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The Philippine family planning market has grown at different rates from 1993 to 2017, with the modern contraceptive prevalence rate among married women increasing from 24.9 percent to 40.4 percent. The private sector played a significant role in this growth. A SHOPS Plus analysis revealed several economic, sociocultural, policy, and programmatic factors that facilitated the private sector’s contributions to increase the modern contraceptive prevalence rate.
A review of trends in modern contraceptive prevalence rates across low- and middle-income countries has led stakeholders to develop a normative S-shaped pattern for how family planning markets grow. In this model, low prevalence and little growth occur on one end, with high prevalence and low growth on the other, and a period of potentially rapid growth in between.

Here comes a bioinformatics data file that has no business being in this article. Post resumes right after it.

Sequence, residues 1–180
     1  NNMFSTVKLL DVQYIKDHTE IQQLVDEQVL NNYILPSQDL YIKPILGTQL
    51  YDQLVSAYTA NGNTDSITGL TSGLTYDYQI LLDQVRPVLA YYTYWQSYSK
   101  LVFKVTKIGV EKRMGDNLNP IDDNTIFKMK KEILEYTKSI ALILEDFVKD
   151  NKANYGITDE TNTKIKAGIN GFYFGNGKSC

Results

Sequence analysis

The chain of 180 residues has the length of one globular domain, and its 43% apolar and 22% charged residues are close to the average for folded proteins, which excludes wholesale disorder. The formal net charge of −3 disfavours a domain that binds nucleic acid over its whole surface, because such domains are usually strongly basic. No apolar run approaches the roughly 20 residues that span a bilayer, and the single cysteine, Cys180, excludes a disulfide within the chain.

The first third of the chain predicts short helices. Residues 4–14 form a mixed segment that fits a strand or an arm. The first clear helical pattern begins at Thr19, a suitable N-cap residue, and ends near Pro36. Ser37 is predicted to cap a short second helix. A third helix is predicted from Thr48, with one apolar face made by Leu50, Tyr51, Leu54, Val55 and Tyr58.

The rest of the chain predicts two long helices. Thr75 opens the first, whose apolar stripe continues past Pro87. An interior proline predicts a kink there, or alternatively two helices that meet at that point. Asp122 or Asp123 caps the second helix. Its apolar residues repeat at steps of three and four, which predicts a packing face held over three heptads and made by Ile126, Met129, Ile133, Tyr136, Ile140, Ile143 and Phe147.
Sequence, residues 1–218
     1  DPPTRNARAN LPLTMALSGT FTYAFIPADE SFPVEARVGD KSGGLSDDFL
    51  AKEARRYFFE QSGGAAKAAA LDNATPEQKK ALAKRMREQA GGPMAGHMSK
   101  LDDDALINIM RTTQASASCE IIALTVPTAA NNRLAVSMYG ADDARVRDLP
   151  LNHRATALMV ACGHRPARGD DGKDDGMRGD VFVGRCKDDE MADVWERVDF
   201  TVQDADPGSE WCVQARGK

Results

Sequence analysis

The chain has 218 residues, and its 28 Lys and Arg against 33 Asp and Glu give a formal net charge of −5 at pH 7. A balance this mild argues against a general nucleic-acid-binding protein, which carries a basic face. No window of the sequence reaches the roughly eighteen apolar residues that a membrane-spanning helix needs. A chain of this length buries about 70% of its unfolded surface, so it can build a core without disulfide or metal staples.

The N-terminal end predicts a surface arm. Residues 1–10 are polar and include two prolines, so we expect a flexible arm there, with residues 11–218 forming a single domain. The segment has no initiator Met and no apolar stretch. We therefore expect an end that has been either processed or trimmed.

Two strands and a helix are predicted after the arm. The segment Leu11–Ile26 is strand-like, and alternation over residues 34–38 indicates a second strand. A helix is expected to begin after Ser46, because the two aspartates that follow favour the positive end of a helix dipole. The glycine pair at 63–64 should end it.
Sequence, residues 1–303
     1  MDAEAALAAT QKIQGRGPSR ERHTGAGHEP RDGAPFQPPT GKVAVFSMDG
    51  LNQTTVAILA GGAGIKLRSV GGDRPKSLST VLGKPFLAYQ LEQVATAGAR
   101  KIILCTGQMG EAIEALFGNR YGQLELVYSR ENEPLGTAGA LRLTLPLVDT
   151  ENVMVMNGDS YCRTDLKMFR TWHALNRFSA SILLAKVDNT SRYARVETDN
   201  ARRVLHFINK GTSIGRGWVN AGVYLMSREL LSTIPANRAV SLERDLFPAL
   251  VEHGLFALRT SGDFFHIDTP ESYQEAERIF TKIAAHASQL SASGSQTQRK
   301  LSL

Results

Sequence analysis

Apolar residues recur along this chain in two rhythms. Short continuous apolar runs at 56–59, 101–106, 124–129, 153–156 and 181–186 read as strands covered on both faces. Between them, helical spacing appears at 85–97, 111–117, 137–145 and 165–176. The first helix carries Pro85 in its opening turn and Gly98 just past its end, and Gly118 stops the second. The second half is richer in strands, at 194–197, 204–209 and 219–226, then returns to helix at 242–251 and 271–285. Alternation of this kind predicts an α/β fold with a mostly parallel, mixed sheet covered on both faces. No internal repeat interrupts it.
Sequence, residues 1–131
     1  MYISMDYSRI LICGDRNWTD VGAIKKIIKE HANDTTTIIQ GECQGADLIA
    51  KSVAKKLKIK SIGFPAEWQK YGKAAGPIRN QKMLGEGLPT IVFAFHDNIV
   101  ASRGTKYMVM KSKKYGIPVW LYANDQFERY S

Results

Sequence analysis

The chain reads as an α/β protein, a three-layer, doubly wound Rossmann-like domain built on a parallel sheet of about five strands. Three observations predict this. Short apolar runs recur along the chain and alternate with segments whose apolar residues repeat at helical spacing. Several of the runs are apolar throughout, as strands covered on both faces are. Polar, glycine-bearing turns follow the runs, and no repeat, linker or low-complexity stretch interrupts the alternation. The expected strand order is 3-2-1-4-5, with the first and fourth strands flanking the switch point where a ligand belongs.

The Supporting Transformation by Reducing Insecurity and Vulnerability with Economic Strengthening (STRIVE) program, managed by FHI 360 and funded by USAID’s Displaced Children and Orphans Fund (DCOF), was designed to build the evidence base around the links between market-driven economic strengthening approaches and the well-being of children and youth.